I’m Raghav, CMO at Black Shell Media LLC, and marketing lead at Black Shell Games. I’ve had the pleasure of working on many games, both internal and for clients, over the past years, and I’ve definitely learned a lot. Here are the three most important lessons I learned that I think everyone should keep in mind when diving into the world of indie development.
1. PLAYERS DON’T LIKE DEVELOPMENT STUDIOS, THEY LIKE DEVELOPERS.
Five minutes on some online forums will introduce you to a hive mind of hatred towards big companies like EA and Microsoft. Gamers don’t like big companies and they certainly don’t like anyone that resembles “the man” selling them games. They associate companies and entities with all that’s wrong with the world of gaming. They see companies constantly trying to bleed players dry and ruining everything that fans love.
Whenever we tried talking to players or getting the word out using the Black Shell Games name as our representation, people pushed back and we didn’t get the kind of engagement we wanted. So I decided to try a new strategy that has had immense success: be a person, not a company. To this day, every single mass email or promotional message I send out doesn’t come from Black Shell Games. It comes from Raghav at Black Shell Games, or just Raghav Mathur.
This way, our fans see that there is a human on the other end of the message who’s trying to talk to them, as opposed to some “scummy” company yearning to make a sale. We get immense click through rates (almost 50% sometimes) in our mass emails and people engage with us very comfortably. A large part of game development at Black Shell Games is feedback from our users. People will gladly give Raghav some feedback or ideas. Will people reach out to Black Shell Games and do the same? Less likely.
2. PAID ADS AREN’T WORTH IT WHEN YOU CAN DEFY MATH INSTEAD.
Paid ads can be great. They can put you right in front of your audience and position you perfectly to make a huge impact. But in the world of indie gaming, I ask you to think about something. Look back at point 1—people don’t like companies. Who puts out paid ads? Companies. Companies that aren’t trying to reach out to you, but rather just trying to take your money and put a product in your hands. Indie games rarely become successful because of their paid advertising efforts. It’s rarely detrimental, but it’s just a huge waste of money. Even on sites like Reddit, where CPM rates can be as low as $0.75, you’ll break even at best. My philosophy, as someone who’s been marketing games for a while, is to get mathematically impossible ROI. What does that mean?
Consider this ROI equation.
$102/$100 = 1.02 = 102%
I spent $100 on ads and made $102 as a result. Seems OK, right? Wait just one second. Suppose I bill my time at near minimum wage—$10/hour. It took me half an hour to set up the ads, an hour to interact with queries and talk to people who were commenting on the ad, and another half hour to run the analytics. Now my total spend is $100 cash plus $20 labor = $120. Now,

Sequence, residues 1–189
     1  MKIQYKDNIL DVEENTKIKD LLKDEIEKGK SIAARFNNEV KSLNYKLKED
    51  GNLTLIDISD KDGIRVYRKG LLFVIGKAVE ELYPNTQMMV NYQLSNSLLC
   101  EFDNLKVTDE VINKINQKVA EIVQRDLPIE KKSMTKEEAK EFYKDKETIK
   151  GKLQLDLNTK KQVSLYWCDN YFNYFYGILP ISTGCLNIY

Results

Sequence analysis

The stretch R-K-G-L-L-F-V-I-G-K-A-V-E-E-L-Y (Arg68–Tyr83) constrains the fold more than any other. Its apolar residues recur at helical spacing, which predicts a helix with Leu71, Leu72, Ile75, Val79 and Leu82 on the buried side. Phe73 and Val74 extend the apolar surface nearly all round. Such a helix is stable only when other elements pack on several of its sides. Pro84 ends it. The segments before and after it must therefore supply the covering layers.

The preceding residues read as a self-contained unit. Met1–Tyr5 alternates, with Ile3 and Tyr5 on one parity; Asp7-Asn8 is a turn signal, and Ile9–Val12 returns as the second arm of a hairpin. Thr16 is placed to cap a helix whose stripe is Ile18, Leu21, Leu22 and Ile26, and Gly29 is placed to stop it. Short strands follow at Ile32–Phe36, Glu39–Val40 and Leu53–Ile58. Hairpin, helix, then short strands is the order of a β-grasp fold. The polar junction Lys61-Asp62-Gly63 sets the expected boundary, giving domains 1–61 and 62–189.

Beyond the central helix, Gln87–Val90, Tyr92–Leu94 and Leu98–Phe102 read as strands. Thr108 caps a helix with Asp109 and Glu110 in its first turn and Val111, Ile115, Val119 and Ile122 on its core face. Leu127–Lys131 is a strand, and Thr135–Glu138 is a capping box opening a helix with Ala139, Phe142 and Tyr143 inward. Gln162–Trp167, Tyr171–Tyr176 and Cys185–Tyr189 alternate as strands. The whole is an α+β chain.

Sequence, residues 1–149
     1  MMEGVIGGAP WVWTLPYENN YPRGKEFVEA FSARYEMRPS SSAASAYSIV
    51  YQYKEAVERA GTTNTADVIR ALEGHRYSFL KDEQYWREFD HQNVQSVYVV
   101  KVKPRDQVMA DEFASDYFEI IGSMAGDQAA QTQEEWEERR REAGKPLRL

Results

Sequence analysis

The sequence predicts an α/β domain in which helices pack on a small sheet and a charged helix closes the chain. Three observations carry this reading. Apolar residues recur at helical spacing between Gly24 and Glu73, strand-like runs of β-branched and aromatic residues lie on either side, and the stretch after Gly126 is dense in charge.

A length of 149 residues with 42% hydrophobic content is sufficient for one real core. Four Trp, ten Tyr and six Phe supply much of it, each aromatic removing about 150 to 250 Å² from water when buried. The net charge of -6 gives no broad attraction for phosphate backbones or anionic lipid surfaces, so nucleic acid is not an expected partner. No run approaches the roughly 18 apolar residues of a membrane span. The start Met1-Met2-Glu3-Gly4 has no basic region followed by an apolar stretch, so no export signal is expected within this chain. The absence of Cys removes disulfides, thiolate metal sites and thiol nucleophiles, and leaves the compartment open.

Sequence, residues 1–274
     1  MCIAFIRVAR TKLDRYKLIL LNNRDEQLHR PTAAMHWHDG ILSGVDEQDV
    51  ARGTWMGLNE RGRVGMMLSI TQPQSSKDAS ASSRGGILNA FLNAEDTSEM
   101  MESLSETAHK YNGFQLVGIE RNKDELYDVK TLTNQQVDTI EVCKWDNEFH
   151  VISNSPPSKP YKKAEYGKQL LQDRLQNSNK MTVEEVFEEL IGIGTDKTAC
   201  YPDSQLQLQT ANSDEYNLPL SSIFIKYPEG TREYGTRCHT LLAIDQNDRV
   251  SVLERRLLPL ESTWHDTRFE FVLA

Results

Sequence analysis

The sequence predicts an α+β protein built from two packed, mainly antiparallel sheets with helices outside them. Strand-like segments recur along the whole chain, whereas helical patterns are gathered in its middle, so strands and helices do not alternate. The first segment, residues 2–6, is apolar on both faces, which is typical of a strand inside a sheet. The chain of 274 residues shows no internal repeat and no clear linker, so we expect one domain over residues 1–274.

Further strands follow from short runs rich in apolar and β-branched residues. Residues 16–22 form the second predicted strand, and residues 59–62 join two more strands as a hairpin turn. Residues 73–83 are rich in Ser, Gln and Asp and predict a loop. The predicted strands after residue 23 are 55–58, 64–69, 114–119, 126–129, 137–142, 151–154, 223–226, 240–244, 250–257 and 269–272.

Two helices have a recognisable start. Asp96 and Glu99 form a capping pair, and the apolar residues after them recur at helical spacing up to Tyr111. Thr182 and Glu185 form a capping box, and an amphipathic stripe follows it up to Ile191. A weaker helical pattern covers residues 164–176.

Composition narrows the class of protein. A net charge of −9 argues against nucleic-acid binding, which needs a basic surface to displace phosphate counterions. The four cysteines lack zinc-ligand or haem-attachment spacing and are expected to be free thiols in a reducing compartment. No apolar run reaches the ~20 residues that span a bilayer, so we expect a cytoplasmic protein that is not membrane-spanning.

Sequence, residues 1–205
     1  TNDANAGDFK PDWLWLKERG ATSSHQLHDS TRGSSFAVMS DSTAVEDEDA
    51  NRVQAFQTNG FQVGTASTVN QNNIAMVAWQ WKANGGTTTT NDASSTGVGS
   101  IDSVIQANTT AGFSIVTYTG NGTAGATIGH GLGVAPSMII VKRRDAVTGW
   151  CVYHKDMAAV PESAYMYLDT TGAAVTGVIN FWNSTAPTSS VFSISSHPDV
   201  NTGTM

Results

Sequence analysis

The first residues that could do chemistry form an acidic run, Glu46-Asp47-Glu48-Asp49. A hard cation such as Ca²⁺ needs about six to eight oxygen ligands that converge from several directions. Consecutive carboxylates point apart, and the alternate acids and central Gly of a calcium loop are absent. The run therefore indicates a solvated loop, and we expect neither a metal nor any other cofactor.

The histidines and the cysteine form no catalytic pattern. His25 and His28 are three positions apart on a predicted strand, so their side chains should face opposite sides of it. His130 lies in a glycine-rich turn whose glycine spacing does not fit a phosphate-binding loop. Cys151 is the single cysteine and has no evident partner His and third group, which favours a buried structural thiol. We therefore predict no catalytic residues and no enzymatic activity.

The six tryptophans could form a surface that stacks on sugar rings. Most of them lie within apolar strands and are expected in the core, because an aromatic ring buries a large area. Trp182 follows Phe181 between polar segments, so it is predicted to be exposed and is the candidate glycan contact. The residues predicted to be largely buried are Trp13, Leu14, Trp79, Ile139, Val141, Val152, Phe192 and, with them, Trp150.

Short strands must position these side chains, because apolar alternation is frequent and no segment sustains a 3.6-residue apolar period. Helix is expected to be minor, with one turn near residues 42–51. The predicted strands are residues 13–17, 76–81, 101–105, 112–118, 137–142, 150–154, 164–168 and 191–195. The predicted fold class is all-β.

$102/$120 = 0.85 = 85%
I didn’t make $2. I’ve lost money.
What I strive to do at Black Shell Games is ROI that defies math. What the heck am I talking about? Consider this. I have an existing community of followers that I’ve worked hard to build up over time. I send out one tweet—an action that barely takes a minute and that I wouldn’t even bill for—to my fan base, and generate $50 in revenue. Now let’s try the ROI equation again!
$50/$0 = ??? :
Uh oh. You can’t divide by zero! I made $50 by doing essentially nothing! In the long run, it’s much more profitable to spend time and money on growing a community that you can turn into a sale generating fan base, instead of having to constantly spend money to struggle and make a few bucks here and there. It’s inconsistent, inconvenient, expensive, and just not worth it. Indie gamers are some of the most passionate, engaged, excitable people I know. If you build up a great fan base, you’ll never have to worry about making money or reaching players. They’ll all be right by your side.
3. PICTURES SPEAK LOUDER THAN WORDS. SO DO GIFS AND TRAILERS.
Copywriting is a vital skill for marketing buffs. Everyone should take a basic course in writing good copy (or get in touch with Black Shell Media and let us take care of it for you!) to effectively reach and appeal to players. But in today’s day and age, where information is visual, clean, and fast, people would much rather look at pictures and other media than read text. Steam store pages focus prominently on pictures and trailers, and push descriptions and feature lists down below all the multimedia.
Don’t spend week after week perfecting your copy down to a T if you could instead spend a few hours culling breathtaking video footage and screenshots that sell your game much better than text does. Even on the App Store and Play Store, the icon and screenshots are stunning for most hit apps, and encourage people to play the game.
Some theorize that society has shorter attention spans nowadays. I just think it’s a simple principle—people like looking at pretty things. Just ask any self-proclaimed pick up artist. Visuals, aesthetics, and outside appeal are what sell products and lead to downloads of your indie game. Players will judge your book by its cover. So make the cover gorgeous.
Keep these three points in mind when you set off to make and market your game, and you’ll do just fine. All the best!
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